At Occupy Cal: Let books take the place of banned tents

The police may have forcibly evicted slumberers and their tents set up Wednesday night by Occupy Cal protesters on campus, but never let it be said that Berkeley students aren’t creative. Replacing the tents we have — fittingly enough for a storied institution of learning — books, or rather books made to look like tents. Symbolic perhaps, but making a point nonetheless. Thanks to Arturo Snuze for the photograph which was taken after today’s pre-dawn eviction.

UC Berkeley dismantle tenet city on steps of Sproul Hall [11.17.11]
After night of camping, weary Occupy Cal protesters settle in [11.16.11]
Cal students vote to set up Occupy camp on campus [11.15.11]
Rally begins after teach-ins at Occupy Cal Day of Action [11.15.11]
After Oakland eviction, focus shifts to UC Berkeley [11.14.11]

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  • Bryan Garcia

    I like it, but rain is expected tomorrow, so I hope someone takes the books away before they all get ruined.

  • A Ess Bee

    I love that!  Go Berkeley!

  • What an awful way to treat books.

  • Wait until it rains.  This will become a de facto protest of printing presses and libraries.

  • Julie Twichell

    Great symbol. Knowledge is power. Go UC Berkeley students!

  • education is a right.

    using books as symbols to fight for wide-spread accessibility to education is a great way to treat books. books are made to be read. they won’t be read when people don’t have access to the knowledge exclusive to institutions of higher education like Berkeley.

  • Treating books in a destructive manner shows a disrespect for the knowledge they contain.

    When you say “knowledge exclusive to institutions of higher education like Berkeley” what, specifically, are you referring to? Can you make a list for me? I’d love to see it.

  • Lorimakesquilts

    Very effective symbology.  I hardly think this is mistreatment of books.  They aren’t getting any more wear than they would get by being read.  Books are powerful and important tools, and should be respected as such, but individual books are not sacred.  These books are simply being used in an untraditional  and eloquent manner.

  • Do you normally dump books on the ground in a spine-splitting position and leave them out to the elements when you’re reading them?

    If that’s really the way you treat books when you read them, the Berkeley Public Library should probably revoke your library card.

  • Exclusivewalker

    If your only problem with the protest is the cost of the medium, then rally your troops and fight against this monstrosity!

  • Lorimakesquilts

    Actually I have and do regularly leave my books on my front porch, out in the elements.  And yes I’m guilty of laying them open like that to mark my place.  They’re my books, I can do what I like with them.  I don’t treat other people’s books that way, they’re not mine and I respect the owners’ property.  So what I do with my books is of no concern to the public library.

    I don’t see how anyone can infer from one photo that anything but normal wear and tear is happening to those books.  In fact, it looks to me as if they have been deliberately placed so as to minimize damaging the spine.

    And all of this discussion really misses the entire point of this remarkable response to the violence the teachers and students have endured.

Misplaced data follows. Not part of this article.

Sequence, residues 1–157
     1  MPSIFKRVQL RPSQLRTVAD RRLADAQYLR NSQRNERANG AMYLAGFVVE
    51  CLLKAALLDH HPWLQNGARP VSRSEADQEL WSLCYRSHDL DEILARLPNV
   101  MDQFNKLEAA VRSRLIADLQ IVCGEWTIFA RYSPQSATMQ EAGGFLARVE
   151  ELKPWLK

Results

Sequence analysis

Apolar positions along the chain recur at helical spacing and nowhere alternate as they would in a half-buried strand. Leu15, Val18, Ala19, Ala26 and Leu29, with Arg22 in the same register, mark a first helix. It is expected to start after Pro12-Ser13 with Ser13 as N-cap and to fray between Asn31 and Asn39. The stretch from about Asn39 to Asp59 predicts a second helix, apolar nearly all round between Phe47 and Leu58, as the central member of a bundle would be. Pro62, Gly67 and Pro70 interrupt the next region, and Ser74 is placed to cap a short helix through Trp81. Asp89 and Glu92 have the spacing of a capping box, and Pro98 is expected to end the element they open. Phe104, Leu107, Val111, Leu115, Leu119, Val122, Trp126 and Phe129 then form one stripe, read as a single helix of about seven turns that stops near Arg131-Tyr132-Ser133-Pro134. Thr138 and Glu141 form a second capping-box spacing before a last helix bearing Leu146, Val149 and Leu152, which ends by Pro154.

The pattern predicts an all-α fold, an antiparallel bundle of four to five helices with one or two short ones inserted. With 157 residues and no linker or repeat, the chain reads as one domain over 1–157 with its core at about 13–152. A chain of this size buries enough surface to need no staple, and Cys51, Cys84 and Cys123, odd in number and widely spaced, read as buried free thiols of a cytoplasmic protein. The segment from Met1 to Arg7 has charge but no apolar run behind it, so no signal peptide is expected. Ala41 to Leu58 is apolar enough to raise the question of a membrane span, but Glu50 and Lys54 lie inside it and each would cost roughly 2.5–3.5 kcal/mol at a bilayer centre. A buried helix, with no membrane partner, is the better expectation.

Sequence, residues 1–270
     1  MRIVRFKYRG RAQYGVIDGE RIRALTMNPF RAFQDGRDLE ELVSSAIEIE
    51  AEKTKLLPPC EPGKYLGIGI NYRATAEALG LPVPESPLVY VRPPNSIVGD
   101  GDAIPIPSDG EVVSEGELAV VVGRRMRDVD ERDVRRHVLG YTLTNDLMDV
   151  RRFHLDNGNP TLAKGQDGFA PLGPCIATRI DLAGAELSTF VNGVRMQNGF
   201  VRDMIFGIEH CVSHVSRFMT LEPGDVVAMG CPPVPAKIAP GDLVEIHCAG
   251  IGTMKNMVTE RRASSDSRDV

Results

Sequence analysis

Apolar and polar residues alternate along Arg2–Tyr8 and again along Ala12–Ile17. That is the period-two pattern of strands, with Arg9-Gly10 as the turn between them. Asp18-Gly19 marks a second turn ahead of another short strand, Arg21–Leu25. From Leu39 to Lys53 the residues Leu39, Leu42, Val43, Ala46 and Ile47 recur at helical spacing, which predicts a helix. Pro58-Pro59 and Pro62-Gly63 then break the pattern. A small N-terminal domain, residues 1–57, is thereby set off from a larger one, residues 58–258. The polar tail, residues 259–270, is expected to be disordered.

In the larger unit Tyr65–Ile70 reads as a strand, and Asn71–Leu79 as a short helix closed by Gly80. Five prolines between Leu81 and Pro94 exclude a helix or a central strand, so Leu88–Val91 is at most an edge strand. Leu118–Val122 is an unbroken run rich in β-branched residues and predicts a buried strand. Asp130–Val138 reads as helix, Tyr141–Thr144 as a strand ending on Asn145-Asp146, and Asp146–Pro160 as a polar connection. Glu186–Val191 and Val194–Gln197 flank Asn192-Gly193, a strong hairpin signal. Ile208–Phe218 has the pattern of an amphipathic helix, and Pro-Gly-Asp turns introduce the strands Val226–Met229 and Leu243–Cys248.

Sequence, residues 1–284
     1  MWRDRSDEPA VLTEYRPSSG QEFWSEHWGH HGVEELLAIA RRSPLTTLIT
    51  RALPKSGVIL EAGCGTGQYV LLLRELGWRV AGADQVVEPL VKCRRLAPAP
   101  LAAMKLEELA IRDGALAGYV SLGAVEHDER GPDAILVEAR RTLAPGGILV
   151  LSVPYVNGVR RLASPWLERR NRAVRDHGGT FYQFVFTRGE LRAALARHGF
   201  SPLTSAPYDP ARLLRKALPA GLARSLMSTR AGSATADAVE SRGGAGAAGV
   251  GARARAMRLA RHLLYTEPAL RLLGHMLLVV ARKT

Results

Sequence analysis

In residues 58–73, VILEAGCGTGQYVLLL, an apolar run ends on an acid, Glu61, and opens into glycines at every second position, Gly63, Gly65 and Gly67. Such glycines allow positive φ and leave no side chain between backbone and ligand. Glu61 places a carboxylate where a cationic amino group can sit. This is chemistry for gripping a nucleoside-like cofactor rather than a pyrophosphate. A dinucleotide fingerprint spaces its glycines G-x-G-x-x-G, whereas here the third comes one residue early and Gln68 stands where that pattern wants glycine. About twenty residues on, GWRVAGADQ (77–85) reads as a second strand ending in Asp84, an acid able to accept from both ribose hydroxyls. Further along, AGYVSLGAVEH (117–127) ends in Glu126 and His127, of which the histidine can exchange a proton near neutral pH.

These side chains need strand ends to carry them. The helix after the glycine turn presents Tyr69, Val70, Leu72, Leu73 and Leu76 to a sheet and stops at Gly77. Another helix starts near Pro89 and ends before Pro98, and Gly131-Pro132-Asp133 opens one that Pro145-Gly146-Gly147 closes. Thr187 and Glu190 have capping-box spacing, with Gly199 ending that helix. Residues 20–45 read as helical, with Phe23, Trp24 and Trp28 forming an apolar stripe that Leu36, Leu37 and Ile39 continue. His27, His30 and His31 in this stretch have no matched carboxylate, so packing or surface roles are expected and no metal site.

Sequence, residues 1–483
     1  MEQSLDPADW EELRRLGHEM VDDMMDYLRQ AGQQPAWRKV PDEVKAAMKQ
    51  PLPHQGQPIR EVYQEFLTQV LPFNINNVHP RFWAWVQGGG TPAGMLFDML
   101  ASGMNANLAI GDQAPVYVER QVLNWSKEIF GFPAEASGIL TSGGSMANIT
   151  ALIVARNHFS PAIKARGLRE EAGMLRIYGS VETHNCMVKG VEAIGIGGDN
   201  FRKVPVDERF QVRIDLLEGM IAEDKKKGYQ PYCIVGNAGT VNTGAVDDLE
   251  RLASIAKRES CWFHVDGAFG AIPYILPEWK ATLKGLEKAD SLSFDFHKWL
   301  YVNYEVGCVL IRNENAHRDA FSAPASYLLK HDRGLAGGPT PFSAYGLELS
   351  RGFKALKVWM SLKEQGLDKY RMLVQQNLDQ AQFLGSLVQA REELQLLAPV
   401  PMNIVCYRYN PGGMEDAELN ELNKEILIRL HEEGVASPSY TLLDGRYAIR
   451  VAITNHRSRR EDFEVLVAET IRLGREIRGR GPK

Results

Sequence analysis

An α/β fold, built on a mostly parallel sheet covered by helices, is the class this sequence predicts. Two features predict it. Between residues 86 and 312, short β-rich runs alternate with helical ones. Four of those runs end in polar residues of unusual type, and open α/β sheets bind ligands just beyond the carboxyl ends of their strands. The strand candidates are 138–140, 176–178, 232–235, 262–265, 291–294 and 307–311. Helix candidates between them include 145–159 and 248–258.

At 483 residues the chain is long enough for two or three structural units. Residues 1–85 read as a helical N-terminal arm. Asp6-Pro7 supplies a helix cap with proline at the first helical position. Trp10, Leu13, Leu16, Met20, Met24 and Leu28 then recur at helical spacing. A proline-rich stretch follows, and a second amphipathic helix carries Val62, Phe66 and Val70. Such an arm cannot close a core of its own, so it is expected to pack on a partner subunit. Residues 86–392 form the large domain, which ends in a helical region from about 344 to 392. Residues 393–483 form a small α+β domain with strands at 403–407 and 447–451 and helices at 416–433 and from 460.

• Katherinecricket

    There’s so many people in the world who can’t afford even one book. And here we are ruining them to make some kind of vague political statement.

  • kamikaze

    have any of you guys criticizing this gone to berkeley to see the supposed destruction of books? guess what, they werent left out there all day you know.

  • The Sharkey Needs New Hobbies

    This is a prime example of The Sharkey really trying to find something to get upset about.

    This picture merits a response along the lines of, “Hey, that’s creative and kind if cool.” Or maybe nothing at all if you don’t feel that way. I’m always surprised by what people can fight over when they’re just spoiling for a petty argument about something.

  • RedHotBoaltie

    Vague? I’m pretty sure that the political statement is that students want to stand up for prioritizing spending on education. As they were evicted the books are standing in their place, looking provocatively like the tents they are not allowed to have. It’s not a particularly murky message– quite simple and clever, really.

  • Using a disposable troll account to tell people to get hobbies and that they don’t have the right to voice their opinions if they’re not the same as yours? How 1998 of you.

  • Leaving a bunch of books on the floor isn’t especially remarkable.

  •  Wow, students stand for their own self interests? How surprising.

  • Bill

    Sometimes people get more than a little irrational on this pages.  Thank you kamikaze for your note>

  • Lorimakesquilts

    and yet, here we are remarking on them …

  • I’m really curious as to what books were made into tents. 

  • Tinyhoopla

    stop being a dick Sharkey. and just accept this as a creative symbolism for protest. Yes, its at the cost and some minimal wear of books, but you’re obviously missing the greater intention and purpose for the way they are being presented.

  • Cahzriel

    I’m curious too. I hope it’s stuff like, “1984,” “Brave New World,” and “Fahrenheit 451.”

  • Mikhael

    Spent Thanksgiving weekend slashing all four sides of Sproul Hall with copious amounts of holy water. Hope this will keep things nonviolent.

  • Deadpoetlive

    Abusing books like this just shows that the people doing it can understand what they read unlike those that read the bible and then send men overseas to blow up brown people…… that’s book abuse!